Party wants ‘tu voto’

As the race for governor heats up, Democrats buy television ads on Spanish-language stations to capture key Latino votes for Patrick

By Johnny Diaz
Globe Staff / October 9, 2010

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In a new series of TV ads, an unseen Spanish announcer introduces Governor Deval Patrick in a montage of community service scenes with residents. At the end of the spot, Patrick looks at the camera and tells viewers in Spanish, “Cuenta conmigo y yo cuento contigo,’’ which means “Count on me, and I’m counting on you.’’

The Massachusetts Democratic Party bought the ads on both Univision television affiliates WUNI-TV (Channel 27) in Boston and WHTX-TV (Channel 43) in Springfield, as well as Telemundo’s Boston station, WNEU-TV (Channel 60), making this the first time that a Bay State gubernatorial candidate is using Spanish TV to court the Latino vote, community advocates say. The ads, which began airing Thursday during the early evening local and national newscasts and prime-time programs, will run through Election Day, Nov. 2.

The move toward buying Spanish-language TV political ads underscores the importance of the Latino population and vote in Massachusetts during a heated race in which the polls suggest Patrick is running neck-and-neck with Republican candidate Charles D. Baker. Independent Timothy P. Cahill is a distant third, and Jill Stein is running on the Green-Rainbow ticket.

A representative for Baker said he wasn’t planning any Spanish-language ads. Cahill’s and Stein’s campaign representatives did not respond to calls or e-mails seeking comment yesterday.

Patrick’s new Spanish-language ad buys are part of a larger initiative to reach out to minority media, said Sydney Asbury, his campaign manager. Patrick’s campaign is also buying print ads in local Spanish-language newspapers such as El Planeta, El Mundo, and Siglo21, as well as spots on Spanish radio programs. Additionally, it’s developing radio spots and print ads in Creole and Portuguese media for Haitian-American and Brazilian residents.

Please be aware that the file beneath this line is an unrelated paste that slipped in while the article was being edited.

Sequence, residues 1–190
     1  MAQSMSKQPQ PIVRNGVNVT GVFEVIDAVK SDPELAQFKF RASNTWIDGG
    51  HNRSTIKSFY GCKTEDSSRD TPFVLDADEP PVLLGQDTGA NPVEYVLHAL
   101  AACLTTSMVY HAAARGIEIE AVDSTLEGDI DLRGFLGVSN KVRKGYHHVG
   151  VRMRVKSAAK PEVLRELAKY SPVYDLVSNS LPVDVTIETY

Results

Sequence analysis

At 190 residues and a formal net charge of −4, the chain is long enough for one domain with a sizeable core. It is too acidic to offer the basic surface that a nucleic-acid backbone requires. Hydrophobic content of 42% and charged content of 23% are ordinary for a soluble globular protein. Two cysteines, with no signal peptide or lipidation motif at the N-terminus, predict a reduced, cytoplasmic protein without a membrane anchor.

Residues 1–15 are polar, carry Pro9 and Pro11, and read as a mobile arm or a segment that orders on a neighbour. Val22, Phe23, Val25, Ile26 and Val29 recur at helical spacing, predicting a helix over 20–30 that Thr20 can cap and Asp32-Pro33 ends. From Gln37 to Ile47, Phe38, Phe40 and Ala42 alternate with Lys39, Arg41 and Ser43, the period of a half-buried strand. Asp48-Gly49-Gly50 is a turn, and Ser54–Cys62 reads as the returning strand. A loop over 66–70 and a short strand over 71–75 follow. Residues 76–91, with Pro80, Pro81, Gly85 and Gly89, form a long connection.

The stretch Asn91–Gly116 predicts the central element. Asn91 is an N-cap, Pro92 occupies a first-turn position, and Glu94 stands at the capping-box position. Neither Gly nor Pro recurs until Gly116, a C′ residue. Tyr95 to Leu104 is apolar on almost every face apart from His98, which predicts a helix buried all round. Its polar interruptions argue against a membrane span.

“We have a full statewide ethnic media plan that is really aggressive, and we are taking it up a step from what we’ve done in the past as an organization,’’ Asbury said.

Asbury declined to comment on how much the Patrick campaign is spending on the Spanish ad buys, except to say that it was a “substantial investment.’’ Depending on the frequency and timeslots, the spots could cost as much as $5,000 a week for each Spanish-language station, estimates one local media buyer.

Community advocates say Patrick’s investment in Spanish television represents a significant breakthrough in how local candidates are conveying their message to Latino constituents. Massachusetts’ Latino population is the 15 largest nationally, with more than 509,000 Latinos in the state, according to Pew Research Center estimates. There are 246,000 eligible Latino voters in Massachusetts, compared with 4.5 million overall.

“This is historic,’’ said Maria Idali Torres, director of the Mauricio Gastón Institute for Latino Community Development and Public Policy at the University of Massachusetts Boston. “The Latino population has been steadily growing to the point that it is almost impossible to ignore the numbers of potential voters.’’

Indeed, the Latino population and number of voters are expected to increase with the results of the 2010 Census, community leaders say. Because it is the fastest-growing ethnic group in the state, the Latino population has also been gaining political clout in cities such as Lawrence, Springfield, and Worcester, which all have large Spanish-speaking populations.

And candidates are beginning to take notice. Last year during his campaign, William Lantigua of Lawrence, the first Latino mayor in the state, also bought airtime on WUNI. And in November, Michael E. Capuano was the first candidate for statewide office to include WUNI in a paid media campaign when he ran in the special Senate election primary.

“Latino voters have been making a significant impact in the elections in Massachusetts,’’ said Anna Lucia Stifano, interim director of Oíste, a Massachusetts group that advocates for the election of Latinos.

Stifano said Patrick is taking a page from President Obama, who invested heavily in Spanish language media in Arizona, Nevada, and California during his presidential campaign. “They are very similar in many ways in their campaign styles and similar in their views in the type of investment . . . what the governor is showing is that he cares about Latinos.’’

Local Spanish-language media executives applauded the governor’s efforts to reach their consumers.

“This is a breakthrough for Spanish TV in this Commonwealth,’’ said Alex von Lichtenberg, general manager of WUNI in Needham. “It legitimizes our stations as an effective vehicle for messaging the Latino voter and consumer.’’

Marcela Garcia, editor of El Planeta newspaper, which is owned by Phoenix Media/Communications Group, said the governor’s campaign bought four week’s worth of ads in her publication, making it the second ad buy since his first gubernatorial campaign.

“For a minority newspaper, it’s always hard to get those ad dollars from politicians,’’ she said. “Patrick did it across the board, which shows he is committed to reach out to the community.’’

Johnny Diaz can be reached at